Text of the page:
The growth of plaques in the brains of people with Alzheimer's disease comes from a failure of the brain to get rid of the plaque-forming substance known as amyloid-beta, according to a new study. This finding goes against a previous hypothesis for the plaque buildup: that patients' brains simply make more amyloid-beta than healthy brains do.

"Clearance is impaired in Alzheimer's disease ," said study researcher Dr. Randall Bateman, assistant professor of neurology at Washington University School of Medicine in St. Louis.

The researchers compared a group of 12 patients who had early-stage Alzheimer's disease with 12 healthy people of similar ages. Both groups produced amyloid-beta at the same average rate, Bateman said, but the average rate at which the substance was cleared from the brain was 30 percent lower in the Alzheimer's patients.

At this lowered elimination rate, Bateman and his colleagues calculated, the levels of amyloid-beta seen in the brains of Alzheimer's patients would be reached in 10 years.

The study is published this week in the journal Science.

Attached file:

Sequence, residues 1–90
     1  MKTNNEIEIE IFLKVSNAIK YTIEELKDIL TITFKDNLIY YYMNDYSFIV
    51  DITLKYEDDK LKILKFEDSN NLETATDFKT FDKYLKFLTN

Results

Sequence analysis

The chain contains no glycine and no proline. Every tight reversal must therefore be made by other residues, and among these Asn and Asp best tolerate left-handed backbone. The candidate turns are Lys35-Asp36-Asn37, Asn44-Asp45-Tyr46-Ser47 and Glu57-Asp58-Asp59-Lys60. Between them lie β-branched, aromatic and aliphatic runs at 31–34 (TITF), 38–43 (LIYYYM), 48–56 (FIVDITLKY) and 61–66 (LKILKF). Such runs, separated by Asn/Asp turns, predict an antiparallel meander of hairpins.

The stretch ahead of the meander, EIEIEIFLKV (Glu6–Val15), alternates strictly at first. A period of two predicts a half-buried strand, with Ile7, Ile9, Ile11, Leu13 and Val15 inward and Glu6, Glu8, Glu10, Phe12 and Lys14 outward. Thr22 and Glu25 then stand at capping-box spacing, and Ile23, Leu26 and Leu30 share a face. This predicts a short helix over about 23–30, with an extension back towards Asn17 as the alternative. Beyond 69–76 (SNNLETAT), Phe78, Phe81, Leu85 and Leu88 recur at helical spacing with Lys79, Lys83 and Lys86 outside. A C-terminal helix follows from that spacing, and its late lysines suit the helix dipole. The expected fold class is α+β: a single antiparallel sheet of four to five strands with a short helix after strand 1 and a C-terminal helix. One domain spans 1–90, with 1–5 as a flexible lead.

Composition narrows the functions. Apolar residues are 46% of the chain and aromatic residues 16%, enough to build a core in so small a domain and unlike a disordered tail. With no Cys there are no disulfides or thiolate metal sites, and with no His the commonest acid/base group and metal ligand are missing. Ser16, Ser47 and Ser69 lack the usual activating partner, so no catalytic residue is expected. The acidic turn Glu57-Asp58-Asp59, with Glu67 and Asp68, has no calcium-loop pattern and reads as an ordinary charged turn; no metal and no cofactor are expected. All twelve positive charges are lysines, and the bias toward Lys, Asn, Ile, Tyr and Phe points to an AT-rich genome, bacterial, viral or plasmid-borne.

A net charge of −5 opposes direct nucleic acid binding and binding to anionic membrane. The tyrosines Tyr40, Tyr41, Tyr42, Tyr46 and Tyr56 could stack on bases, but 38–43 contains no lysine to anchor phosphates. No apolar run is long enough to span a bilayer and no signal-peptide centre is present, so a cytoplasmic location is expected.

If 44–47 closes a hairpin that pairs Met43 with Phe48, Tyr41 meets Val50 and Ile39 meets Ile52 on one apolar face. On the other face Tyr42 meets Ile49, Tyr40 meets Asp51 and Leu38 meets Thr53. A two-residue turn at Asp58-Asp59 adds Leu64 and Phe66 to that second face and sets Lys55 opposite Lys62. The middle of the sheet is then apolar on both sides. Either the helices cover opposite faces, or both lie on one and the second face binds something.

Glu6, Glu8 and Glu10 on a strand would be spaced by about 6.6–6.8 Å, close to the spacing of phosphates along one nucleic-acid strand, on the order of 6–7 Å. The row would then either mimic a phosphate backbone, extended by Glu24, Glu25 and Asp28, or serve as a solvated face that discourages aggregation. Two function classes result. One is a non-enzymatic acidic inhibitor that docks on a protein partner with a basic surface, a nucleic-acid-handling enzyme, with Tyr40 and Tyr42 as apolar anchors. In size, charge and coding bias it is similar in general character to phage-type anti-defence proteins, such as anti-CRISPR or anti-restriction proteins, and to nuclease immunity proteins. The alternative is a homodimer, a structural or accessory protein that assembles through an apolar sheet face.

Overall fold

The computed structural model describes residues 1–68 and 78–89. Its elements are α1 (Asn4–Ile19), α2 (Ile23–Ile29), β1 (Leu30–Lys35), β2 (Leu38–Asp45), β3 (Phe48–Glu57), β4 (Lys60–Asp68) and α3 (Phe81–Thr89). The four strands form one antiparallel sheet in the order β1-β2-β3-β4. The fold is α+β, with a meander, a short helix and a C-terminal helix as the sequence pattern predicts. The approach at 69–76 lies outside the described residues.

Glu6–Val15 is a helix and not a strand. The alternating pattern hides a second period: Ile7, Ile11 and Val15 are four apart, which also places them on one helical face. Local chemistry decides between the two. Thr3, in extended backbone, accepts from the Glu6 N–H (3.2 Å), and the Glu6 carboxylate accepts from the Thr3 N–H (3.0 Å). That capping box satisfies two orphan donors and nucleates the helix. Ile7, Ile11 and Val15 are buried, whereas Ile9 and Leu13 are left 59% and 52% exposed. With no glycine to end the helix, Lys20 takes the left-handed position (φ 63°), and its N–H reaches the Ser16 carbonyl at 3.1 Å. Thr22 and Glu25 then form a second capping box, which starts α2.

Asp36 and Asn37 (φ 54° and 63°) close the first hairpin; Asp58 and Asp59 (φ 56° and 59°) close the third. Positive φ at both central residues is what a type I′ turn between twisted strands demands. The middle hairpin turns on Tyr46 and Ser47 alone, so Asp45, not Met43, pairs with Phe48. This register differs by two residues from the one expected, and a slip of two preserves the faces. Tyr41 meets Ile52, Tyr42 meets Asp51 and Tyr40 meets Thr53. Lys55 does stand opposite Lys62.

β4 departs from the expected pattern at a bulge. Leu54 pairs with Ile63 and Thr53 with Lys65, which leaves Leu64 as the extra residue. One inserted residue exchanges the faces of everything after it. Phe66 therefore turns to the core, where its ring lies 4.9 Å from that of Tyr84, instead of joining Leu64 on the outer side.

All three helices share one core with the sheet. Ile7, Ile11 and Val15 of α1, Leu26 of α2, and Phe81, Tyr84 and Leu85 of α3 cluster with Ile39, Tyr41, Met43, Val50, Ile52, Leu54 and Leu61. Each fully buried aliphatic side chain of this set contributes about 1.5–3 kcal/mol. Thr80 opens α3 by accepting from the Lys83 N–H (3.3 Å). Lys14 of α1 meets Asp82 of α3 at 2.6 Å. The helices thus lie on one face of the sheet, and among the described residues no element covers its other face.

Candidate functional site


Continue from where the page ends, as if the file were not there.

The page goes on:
The results have important implications for both diagnosis and treatment, the researchers said. Scientists are now interested in learning how amyloid-beta, a byproduct of normal metabolism, is moved out of the brain during breakdown and disposal. Understanding such processes in detail will be essential for researchers looking for ways to diagnose the disease before symptoms appear, and for drug developers looking to target the problems with pharmaceuticals.

Amyloid-beta was recognized long ago as a key component of the brain plaques found during autopsies of Alzheimer's patients.

One of the ways the brain clears away the amyloid-beta normally produced by brain cells is by moving it into the spinal fluid. Studies have suggested that a drop in levels of amyloid-beta in spinal fluid is an early indicator of Alzheimer's disease, possibly because it shows that the amyloid-beta is getting stuck in the brain and starting to accumulate there.

Treatments designed to clear amyloid-beta from the brain have recently been failing, leading some neurologists to speculate that the protein may not be causatively linked to Alzheimer's.

According to Bateman, though, the new data associates Alzheimer's with disruption of the brain's ability to handle amyloid-beta normally.

"These findings support the idea that impaired amyloid-beta clearance is fundamentally linked to Alzheimer's disease," Bateman said.

Pass it on: The brain of someone with Alzheimer's can't get rid of the amyloid-beta it produces as the brains of healthy people can.

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